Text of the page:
Federal judge reduces payout for Cordale Handy’s mother by $9M

A federal judge has significantly reduced the payout for the mother of a Black man who was shot and killed by St. Paul police officers in 2017.

Kim Diane Handy-Jones was awarded $11.5 million in August of 2023 for the wrongful death of Cordale Handy, who attorneys say was shot as he was lying on the ground with his hands up.

On Feb. 8, U.S. District Court Judge David Doty ruled that the damages awarded to Handy-Jones were excessive and the judgment should be reduced to $2.5 million.

Handy-Jones must submit a letter to the court by March 1 disclosing whether she will accept the reduced $2.5 million in damages or file an appeal.

In his ruling, Judge Doty said the court may decide a jury’s award is too much “only when the verdict is so grossly excessive as to shock the conscience of the court.” His ruling added that the combined $10 million in compensation and $1.5 million in punitive damages to Handy-Jones was “awarded as the result of passion and prejudice.”

Doty also granted a stay of execution on Handy-Jones’ judgment until an appeal is made.

RELATED: Jury awards $11.5M after finding St. Paul officer civilly liable for 2017 death of Cordale Handy

As previously reported by 5 EYEWITNESS NEWS, on March 15, 2017, St. Paul Police Officers Nathaniel Younce and Mikko Norman responded to a report of a domestic incident involving numerous shots being fired at a Dayton’s Bluff apartment.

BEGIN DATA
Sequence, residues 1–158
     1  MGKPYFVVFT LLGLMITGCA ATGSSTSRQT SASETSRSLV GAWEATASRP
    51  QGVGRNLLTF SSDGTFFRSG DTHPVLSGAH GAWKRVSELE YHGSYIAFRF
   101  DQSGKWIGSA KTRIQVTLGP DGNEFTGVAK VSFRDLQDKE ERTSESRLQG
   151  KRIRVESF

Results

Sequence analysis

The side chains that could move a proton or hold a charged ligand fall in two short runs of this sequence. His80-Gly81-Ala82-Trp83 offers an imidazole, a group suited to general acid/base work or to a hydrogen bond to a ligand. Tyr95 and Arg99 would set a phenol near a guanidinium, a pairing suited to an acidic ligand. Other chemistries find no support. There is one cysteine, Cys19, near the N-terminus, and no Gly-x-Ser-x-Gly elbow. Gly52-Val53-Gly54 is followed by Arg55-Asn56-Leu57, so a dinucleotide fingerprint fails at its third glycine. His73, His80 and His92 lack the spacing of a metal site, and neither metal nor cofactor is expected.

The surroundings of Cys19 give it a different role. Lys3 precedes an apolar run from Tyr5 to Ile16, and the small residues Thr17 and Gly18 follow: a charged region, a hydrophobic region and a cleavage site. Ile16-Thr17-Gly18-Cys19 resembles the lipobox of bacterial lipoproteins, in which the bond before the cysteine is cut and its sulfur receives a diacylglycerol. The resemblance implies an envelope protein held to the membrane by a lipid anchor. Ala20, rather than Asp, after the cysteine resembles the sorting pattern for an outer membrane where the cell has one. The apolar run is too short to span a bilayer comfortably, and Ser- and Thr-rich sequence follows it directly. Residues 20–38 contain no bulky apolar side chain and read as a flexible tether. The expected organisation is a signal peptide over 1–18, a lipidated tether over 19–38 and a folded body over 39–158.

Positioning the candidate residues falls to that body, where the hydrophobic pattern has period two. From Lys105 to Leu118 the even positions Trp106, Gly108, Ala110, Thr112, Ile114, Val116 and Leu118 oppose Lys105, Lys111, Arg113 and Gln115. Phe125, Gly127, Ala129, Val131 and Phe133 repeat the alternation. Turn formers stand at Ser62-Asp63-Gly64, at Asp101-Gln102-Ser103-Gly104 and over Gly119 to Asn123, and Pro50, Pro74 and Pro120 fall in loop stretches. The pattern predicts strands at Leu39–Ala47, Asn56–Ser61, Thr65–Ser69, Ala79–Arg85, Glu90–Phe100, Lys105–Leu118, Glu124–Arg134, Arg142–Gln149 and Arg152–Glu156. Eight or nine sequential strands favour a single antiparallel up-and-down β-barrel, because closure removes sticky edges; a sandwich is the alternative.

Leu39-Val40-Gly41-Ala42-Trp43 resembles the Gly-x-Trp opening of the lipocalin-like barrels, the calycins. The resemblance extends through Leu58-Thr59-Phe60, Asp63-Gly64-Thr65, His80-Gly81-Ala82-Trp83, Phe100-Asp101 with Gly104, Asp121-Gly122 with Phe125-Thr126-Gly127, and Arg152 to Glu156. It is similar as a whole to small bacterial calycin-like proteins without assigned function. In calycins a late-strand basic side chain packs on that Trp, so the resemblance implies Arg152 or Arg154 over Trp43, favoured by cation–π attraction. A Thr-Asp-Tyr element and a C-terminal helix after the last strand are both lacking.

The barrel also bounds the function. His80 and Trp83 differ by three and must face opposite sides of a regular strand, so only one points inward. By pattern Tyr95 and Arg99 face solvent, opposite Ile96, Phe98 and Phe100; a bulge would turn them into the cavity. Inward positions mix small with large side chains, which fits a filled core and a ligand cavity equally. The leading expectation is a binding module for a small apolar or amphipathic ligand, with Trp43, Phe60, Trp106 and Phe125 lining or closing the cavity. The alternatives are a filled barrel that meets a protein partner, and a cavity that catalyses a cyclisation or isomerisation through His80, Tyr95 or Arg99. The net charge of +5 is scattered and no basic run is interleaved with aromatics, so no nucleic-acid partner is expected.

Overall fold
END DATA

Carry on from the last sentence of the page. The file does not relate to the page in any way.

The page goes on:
During a 911 call from one of the women at the apartment building, dispatch was told Handy had a gun that was not loaded, according to a report from the Ramsey County Attorney’s Office. Another woman told Younce the gun was not loaded, according to the report.

Surveillance footage showed officers finding Handy holding a gun near the intersection of Sinnen and East 7th streets, according to the BCA. Both officers told the BCA they ordered Handy to the ground, and he pointed the gun at them twice, prompting them to shoot Handy a combined seven times.

Handy died at the scene.

In 2017, at the time of the shooting, St. Paul Mayor Melvin Carter said he was “surprised by both the finding of liability and the magnitude of damages awarded by the jury in this case,” adding that the officers were met with a “chaotic and dangerous scene.”

“I have always spoken clearly about the high standard to which I hold our police officers,” Carter wrote. “In reviewing the details of this case, I simply cannot conclude that those involved had other reasonable options to immediately resolve this escalating crisis and prevent further loss of life without force.”

In a statement via a family attorney, Handy-Jones said, in part:

No amount of money will ever replace my son, but it shocks my conscience that Judge Doty thinks that the life of a 29-year-old black man is only worth $2.5 million despite that jury finding otherwise.  This ruling is killing my son’s memory all over again.  Now I have to endure the unnecessary grief and suffering of reliving his death and hearing the awful things the City says about my son at yet another trial. Still, I will never stop fighting for my son and for justice for all stolen lives.

A spokesperson for the City of St. Paul released the following statement on Thursday:

We appreciate the Court’s response to our request. The City is reviewing the decision and will decide on the appropriate action in the coming weeks.